Display, interpellation and interpretation: on the development of an artistic gossip practice, in the context of audience interactivity with Nottingham's lace heritage

Donovan, N, 2013. Display, interpellation and interpretation: on the development of an artistic gossip practice, in the context of audience interactivity with Nottingham's lace heritage. PhD, Nottingham Trent University.

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Abstract

This thesis raises concerns about current heritage practice regarding notions of inclusivity, the agency of audiences and the authority of heritage institutions, such as museums. Experts including Tony Bennet (1998), Graham Black (2005), and Eileen Hooper-Greenhill (1994) claim that recent developments in heritage practice have directed museums towards offering experiences that invite active, participatory viewing, rather than that which is passive, or merely receptive. Similarly, in the field of contemporary art practice Grant Kester and Claire Bishop argue the importance of audiences’ participation, inclusivity and agency to current approaches. Evidently, certain standpoints within the literature concerned with each of these fields, state an attitude of sensitivity to imbalances of power between audiences and either artistic or heritage practices. However, this thesis recognizes and demonstrates that authoritative, or hierarchical approaches to audiences exist within each field, and guided by poststructurally informed theoretical perspectives, it confronts these approaches. Moreover, this thesis claims to establish a unique, interactive and practical autoethnographic approach to artistic research, which supported by its theoretical perspectives, generates non-authoritative and democratic methods. In particular, this thesis establishes that, dialogical engagement prompted by audiences’ responses to artistic situations and aesthetic objects, results in non-authoritative, or democratic encounters with heritage and contemporary art.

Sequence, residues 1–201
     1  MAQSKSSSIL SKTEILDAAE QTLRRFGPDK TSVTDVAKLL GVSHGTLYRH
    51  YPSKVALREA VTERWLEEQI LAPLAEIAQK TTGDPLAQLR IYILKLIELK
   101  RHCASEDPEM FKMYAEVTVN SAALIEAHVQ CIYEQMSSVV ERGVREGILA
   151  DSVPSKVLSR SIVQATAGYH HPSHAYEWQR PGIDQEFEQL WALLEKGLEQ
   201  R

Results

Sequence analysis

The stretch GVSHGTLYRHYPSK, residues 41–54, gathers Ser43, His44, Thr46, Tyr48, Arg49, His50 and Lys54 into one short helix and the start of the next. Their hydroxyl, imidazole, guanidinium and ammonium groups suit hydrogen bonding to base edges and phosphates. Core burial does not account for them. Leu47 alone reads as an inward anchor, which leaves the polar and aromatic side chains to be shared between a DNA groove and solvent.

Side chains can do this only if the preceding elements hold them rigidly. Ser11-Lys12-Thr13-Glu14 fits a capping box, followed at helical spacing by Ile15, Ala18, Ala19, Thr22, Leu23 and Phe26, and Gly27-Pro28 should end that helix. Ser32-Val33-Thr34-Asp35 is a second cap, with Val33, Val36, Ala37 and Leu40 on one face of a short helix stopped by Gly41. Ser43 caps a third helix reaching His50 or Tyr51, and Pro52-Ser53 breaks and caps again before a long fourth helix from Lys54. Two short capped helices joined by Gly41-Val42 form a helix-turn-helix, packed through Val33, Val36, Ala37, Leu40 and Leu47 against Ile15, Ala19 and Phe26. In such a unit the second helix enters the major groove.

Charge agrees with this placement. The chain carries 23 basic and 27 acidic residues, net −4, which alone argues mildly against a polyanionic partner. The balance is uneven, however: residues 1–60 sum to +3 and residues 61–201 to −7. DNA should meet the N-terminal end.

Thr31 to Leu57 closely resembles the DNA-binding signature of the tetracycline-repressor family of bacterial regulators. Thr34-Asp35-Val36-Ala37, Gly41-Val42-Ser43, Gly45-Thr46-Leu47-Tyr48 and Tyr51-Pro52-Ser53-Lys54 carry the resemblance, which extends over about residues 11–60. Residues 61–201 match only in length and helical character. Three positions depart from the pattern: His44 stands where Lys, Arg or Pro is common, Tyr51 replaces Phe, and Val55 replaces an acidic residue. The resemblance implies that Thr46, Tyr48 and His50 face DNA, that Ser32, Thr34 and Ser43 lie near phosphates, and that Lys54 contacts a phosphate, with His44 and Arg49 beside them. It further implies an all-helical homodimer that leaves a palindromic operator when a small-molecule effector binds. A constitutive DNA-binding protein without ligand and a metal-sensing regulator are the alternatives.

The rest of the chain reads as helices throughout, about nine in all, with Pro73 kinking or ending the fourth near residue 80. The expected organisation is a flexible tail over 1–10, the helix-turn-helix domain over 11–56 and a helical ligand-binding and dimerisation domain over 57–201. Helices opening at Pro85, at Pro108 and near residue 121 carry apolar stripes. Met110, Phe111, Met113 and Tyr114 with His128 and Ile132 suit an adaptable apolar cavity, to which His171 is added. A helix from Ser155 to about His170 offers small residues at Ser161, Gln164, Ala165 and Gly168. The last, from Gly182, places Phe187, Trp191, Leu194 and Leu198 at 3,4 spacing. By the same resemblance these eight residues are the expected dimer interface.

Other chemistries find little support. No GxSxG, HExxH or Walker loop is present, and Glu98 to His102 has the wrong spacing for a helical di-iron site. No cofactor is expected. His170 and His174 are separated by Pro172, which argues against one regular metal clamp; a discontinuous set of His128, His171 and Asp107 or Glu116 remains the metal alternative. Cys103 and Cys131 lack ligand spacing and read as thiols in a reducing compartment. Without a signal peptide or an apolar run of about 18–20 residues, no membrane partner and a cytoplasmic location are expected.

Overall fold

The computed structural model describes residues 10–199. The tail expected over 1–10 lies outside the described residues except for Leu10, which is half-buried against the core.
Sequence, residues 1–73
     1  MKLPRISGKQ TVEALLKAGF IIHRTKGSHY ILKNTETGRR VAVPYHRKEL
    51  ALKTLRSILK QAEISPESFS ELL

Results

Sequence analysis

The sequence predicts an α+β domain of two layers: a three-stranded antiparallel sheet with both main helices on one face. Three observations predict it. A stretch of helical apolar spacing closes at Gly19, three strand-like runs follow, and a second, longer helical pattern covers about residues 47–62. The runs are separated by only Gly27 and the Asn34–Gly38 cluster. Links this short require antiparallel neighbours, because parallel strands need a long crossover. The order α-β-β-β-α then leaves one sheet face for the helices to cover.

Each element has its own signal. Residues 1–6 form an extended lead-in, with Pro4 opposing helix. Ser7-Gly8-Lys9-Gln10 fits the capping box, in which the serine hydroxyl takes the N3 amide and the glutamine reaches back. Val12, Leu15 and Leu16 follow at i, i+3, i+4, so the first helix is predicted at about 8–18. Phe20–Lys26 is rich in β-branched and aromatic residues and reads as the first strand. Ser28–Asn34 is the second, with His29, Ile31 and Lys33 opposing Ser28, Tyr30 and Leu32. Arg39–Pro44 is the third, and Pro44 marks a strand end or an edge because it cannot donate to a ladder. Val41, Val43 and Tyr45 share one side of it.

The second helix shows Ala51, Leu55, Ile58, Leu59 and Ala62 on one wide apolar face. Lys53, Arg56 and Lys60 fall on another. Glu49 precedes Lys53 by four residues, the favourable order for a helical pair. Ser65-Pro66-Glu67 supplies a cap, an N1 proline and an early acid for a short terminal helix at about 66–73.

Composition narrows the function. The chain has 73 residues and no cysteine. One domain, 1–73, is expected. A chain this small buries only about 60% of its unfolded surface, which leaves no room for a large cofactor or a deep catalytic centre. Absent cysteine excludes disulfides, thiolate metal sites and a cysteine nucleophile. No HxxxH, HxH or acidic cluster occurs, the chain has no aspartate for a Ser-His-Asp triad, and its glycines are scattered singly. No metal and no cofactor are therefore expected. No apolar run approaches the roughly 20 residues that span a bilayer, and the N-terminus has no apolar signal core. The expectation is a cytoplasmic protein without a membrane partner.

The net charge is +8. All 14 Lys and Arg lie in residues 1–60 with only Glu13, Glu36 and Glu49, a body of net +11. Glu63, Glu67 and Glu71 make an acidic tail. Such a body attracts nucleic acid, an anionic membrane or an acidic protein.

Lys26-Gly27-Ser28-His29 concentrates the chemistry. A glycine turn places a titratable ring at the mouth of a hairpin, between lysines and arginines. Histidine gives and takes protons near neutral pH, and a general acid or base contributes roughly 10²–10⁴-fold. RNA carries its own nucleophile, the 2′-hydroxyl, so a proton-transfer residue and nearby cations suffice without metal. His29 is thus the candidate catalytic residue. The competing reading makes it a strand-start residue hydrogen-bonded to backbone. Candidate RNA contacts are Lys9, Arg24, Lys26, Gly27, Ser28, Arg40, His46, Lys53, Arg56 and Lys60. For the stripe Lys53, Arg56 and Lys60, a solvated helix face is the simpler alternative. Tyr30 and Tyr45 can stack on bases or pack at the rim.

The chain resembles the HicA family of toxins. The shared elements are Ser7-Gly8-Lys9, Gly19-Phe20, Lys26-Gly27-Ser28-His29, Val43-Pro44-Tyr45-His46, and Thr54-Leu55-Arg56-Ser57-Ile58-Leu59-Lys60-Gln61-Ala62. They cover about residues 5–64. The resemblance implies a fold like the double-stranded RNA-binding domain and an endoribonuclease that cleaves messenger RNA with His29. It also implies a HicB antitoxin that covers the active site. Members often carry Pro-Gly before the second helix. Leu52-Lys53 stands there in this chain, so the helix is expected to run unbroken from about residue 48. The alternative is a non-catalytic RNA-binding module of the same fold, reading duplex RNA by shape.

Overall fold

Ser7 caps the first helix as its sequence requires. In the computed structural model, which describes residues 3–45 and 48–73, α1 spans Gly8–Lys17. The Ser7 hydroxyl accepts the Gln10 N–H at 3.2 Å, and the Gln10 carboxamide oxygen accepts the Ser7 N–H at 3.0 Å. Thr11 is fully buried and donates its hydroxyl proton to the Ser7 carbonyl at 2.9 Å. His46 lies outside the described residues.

Item Type: Thesis
Creators: Donovan, N.
Date: 2013
Rights: This work is the intellectual property of Nicola Donovan the author. You may copy up to 5% of this work for private study, or personal, non-commercial research. Any re-use of the information contained within this document should be fully referenced, quoting the author, title, university , degree level and pagination. Queries or requests for any other use, or if a more substantial copy is required, should be directed to the owner of the Intellectual Property Rights.
Divisions: Schools > School of Art and Design
Depositing User: EPrints Services
Date Added: 09 Oct 2015 09:36
Last Modified: 09 Oct 2015 09:36
URI: http://irep.ntu.ac.uk/id/eprint/331

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